Modified sgRNA can increase efficiencies for the enhancement of both imaging and gene regulation in human cells . When combined with wild-type SpCas9 or a SpCas9-VQR variant, modified sgRNA also improves knock-out activity in rice and mammalian cells [31, 32]. Gao et al. have recently reported that a modified sgRNA leads to higher editing efficiency compared with either native sgRNA or tRNA-native sgRNA in an adenine base editor (ABE) in plants . Although SpCas9n is used in the ABE system, we found that tRNA-modified sgRNA architecture enhanced SpCas9n-mediated cytidine base editing only slightly in just one of three examined targets. These conflicting results indicate that different deaminases fused with SpCas9n may affect the interaction between SpCas9n and sgRNA or modified sgRNA, thus leading to divergent effects on base editors. Another interesting phenomenon is that the same high-fidelity Cas9s have different base editing and random mutagenetic performances. For example, eSpCas9(1.1) had a mutational efficiency in the random mutagenesis system that was roughly the same as that of SpCas9, whereas its editing ability in the base-editing system was relatively low. This inconsistency is because of the divergent contributions of tRNA-modified sgRNA between different systems (Fig. 2c and d). Given that only a few targets were examined, additional sites should be tested to further confirm the effect of tRNA-modified sgRNA on SpCas9-pBE and HF-pBE.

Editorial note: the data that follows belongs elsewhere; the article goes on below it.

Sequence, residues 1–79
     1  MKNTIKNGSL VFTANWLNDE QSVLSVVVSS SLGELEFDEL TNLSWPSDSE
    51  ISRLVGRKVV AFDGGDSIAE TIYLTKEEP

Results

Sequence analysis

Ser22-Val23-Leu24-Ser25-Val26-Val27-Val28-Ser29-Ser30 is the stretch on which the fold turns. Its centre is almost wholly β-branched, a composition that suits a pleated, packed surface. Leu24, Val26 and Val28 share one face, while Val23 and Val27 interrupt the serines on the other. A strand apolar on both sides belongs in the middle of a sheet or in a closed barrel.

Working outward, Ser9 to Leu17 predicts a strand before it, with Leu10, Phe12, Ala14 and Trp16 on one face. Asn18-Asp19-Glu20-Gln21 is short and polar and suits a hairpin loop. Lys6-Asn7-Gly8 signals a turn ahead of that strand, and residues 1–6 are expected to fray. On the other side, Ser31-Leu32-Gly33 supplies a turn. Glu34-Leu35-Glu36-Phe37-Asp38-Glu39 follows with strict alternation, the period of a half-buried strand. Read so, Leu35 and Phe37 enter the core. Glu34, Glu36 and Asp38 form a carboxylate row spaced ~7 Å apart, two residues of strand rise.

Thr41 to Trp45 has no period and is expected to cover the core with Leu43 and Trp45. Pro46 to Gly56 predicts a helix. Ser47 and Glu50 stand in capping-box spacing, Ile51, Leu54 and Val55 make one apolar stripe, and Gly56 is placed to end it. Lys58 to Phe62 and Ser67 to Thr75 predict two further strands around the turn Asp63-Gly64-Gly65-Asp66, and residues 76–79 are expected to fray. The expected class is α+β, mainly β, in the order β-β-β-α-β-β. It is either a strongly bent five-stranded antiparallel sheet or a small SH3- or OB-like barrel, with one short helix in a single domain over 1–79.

Although high-fidelity SpCas9 variants have been engineered to achieve high genome-wide specificity in human cells without compromising on-target activity, the on-target activities of knock-out mutations are sometimes considerably lower in plants . Here, we evaluated the C-to-T conversion efficiency of three high-fidelity Cas9 variants fused with PmCDA1 and found that base-editing abilities were decreased compared with those of the wild-type base editor. However, a tRNA-modified sgRNA dramatically increased the base-editing activity of eSpCas9(1.1)-pBE and SpCas9-HF2-pBE, from 1.3- to 25.5-fold. This differential enhancement indicates that the modified sgRNA acted independently with different Cas9s in each editing system, a finding requiring further confirmation with more targets. Inspired by this significant enhancement of eSpCas9(1.1) by tRNA-modified sgRNA, a future study should combine artificially developed sgRNAs with different Cas9 variants to boost editing efficiency.